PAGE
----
The Mountain Times

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Perspective: Head Environmentalist “can’t wait” for smart meters

Dear Editor,

The head of Vermont's Agency of Natural Resources (ANR) almost giddy opinion piece in support of the controversial wireless "smart meters" currently being installed in Vermont, prompted immediate rebuttal from two state legislators and others.

Deborah Markowitz, Secretary of ANR since January 2011, discussed her notification that she would soon get a smart meter at her home.  Using language like a power company brochure, she wrote: "I can't wait!  With a smart meter we'll be able to track our electricity use more accurately (particularly important with a house full of teenagers) and help us save money."

The first comment on her piece, by Scott Garren who already has his smart meter, disputed this rosy outlook, writing: "… there is no useful information from the damn thing at all…. There are no dials to read and no instructions on what the inscrutable display on the device means."

Also taking issue with Markowitz's cheerleading style was Bennington County State Senator Bob Hartwell, who led the effort in the legislature this year to slow the smart meter bandwagon and to give all Vermonters the choice of not having a smart meter, at no cost to the customer. The Legislature passed this opt-out provision into law earlier this spring.

Hartwell countered Markowitz by saying, "All consumers should take a hard look at smart meters; they pose serious threats to privacy and not a single advocate has shown any concern about health hazards…  This is a system poorly thought through and designed only for the benefit of the utilities."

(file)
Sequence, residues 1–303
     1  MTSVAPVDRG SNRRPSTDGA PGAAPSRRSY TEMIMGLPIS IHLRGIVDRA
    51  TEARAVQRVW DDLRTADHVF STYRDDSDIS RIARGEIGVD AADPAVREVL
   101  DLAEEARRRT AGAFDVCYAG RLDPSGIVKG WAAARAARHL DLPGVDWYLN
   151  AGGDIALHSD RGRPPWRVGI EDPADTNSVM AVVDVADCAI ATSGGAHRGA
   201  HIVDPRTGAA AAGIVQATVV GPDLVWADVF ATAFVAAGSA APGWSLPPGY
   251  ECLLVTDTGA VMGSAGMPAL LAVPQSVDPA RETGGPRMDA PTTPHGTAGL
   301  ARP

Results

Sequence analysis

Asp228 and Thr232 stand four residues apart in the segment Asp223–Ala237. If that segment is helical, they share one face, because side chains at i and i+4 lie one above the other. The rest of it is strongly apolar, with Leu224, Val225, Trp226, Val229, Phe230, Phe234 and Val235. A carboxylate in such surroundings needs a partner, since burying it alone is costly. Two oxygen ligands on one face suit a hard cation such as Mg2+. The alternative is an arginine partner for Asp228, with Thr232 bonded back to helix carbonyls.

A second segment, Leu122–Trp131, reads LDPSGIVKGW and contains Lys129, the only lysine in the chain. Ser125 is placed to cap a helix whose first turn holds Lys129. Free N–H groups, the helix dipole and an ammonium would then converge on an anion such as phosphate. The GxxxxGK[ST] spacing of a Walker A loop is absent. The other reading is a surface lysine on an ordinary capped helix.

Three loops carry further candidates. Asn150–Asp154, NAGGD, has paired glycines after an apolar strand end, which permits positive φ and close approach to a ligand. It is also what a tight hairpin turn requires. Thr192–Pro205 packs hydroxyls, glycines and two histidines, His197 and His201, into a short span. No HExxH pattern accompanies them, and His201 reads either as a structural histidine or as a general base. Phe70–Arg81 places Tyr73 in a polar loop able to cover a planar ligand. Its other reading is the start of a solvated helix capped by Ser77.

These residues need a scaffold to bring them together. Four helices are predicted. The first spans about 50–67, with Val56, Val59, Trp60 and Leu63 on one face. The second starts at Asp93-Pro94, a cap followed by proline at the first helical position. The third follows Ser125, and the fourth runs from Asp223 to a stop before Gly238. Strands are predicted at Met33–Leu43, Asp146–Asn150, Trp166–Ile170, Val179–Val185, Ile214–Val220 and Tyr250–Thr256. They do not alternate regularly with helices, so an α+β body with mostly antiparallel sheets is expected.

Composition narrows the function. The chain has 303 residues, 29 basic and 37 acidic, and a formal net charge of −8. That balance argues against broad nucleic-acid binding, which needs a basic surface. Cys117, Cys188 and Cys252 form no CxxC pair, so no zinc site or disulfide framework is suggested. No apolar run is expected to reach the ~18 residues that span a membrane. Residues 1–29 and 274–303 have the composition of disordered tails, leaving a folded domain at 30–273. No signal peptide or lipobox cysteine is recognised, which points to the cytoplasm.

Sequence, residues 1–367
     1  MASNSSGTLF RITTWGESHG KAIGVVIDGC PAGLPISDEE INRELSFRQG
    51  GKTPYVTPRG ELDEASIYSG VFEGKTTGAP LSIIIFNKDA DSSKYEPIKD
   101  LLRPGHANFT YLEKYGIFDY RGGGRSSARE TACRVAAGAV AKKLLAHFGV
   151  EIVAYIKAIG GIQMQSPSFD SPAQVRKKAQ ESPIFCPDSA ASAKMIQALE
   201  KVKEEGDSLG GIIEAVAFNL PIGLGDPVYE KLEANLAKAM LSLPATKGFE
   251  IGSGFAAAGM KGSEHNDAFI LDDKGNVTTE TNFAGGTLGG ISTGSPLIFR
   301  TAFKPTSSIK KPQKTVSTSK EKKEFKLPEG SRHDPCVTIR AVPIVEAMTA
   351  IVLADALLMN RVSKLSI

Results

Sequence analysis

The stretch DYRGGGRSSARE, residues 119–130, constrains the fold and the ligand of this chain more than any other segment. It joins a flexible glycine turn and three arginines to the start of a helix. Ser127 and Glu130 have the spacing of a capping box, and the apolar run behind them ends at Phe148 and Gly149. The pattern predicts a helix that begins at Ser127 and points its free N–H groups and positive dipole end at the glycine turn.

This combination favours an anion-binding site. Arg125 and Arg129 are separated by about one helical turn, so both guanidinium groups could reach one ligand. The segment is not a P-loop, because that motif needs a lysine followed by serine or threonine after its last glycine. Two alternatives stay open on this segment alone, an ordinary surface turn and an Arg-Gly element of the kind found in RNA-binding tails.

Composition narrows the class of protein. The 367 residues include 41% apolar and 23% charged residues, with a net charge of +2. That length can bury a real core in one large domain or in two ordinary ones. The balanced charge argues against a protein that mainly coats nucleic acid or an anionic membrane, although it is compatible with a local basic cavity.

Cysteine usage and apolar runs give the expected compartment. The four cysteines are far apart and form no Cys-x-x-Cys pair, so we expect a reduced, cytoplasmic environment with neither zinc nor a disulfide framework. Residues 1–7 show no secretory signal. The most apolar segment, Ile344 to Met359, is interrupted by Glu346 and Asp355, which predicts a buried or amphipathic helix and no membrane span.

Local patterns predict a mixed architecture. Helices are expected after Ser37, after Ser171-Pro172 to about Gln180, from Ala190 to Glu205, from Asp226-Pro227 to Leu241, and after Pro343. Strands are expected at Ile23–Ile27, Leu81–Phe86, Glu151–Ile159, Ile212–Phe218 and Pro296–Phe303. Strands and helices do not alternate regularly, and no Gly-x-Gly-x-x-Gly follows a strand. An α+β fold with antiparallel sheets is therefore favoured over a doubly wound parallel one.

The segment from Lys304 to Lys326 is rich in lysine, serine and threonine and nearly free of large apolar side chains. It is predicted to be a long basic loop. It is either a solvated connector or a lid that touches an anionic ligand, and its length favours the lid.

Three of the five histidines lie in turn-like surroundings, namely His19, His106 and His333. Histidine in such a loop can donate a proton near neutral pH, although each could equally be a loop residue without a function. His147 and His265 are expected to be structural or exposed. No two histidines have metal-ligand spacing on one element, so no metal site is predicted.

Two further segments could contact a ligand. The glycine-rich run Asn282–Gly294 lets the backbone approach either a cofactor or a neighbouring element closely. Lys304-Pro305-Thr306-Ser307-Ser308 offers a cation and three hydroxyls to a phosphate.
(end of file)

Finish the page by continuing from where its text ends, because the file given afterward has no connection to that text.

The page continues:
Markowitz does not address health or privacy issues, but rather kvells about how the "smart grid uses wireless meters and computer technology" to integrate renewable energy sources into the electric grid, to allow utilities to charge variable rates, to create "the fully web-connected smart home," and to establish "an electric vehicle network across the Northeast."

The ANR article also touts the Vermont Electric Cooperative for leading the way in installing smart meters in their customers' homes.  It does not point out that the Coop installed wired meters, not wireless ones - or that the wired/wireless distinction is a significant fault line in the debate about implementing the smart grid and the affects on health are unknown.

One of Markowitz's vocal defenders of this initiative has been Kevin Jones of the Vermont Law School and recipient of a $450,000 federal grant to support the smart grid, although he did not mention these connections.

Vermont's Agency of Natural Resources (ANR) is "the state agency with primary responsibility for protecting Vermont's environment, natural resources and wildlife."

"We will need to keep careful track of what the utilities, the Department of Public Service, and the Public Service Board do with rates so that if the anticipated cost reductions do not materialize the utilities cannot shift the costs of their poor business plan onto ratepayers."

Tagged: Letter to the Editor, Smart Meters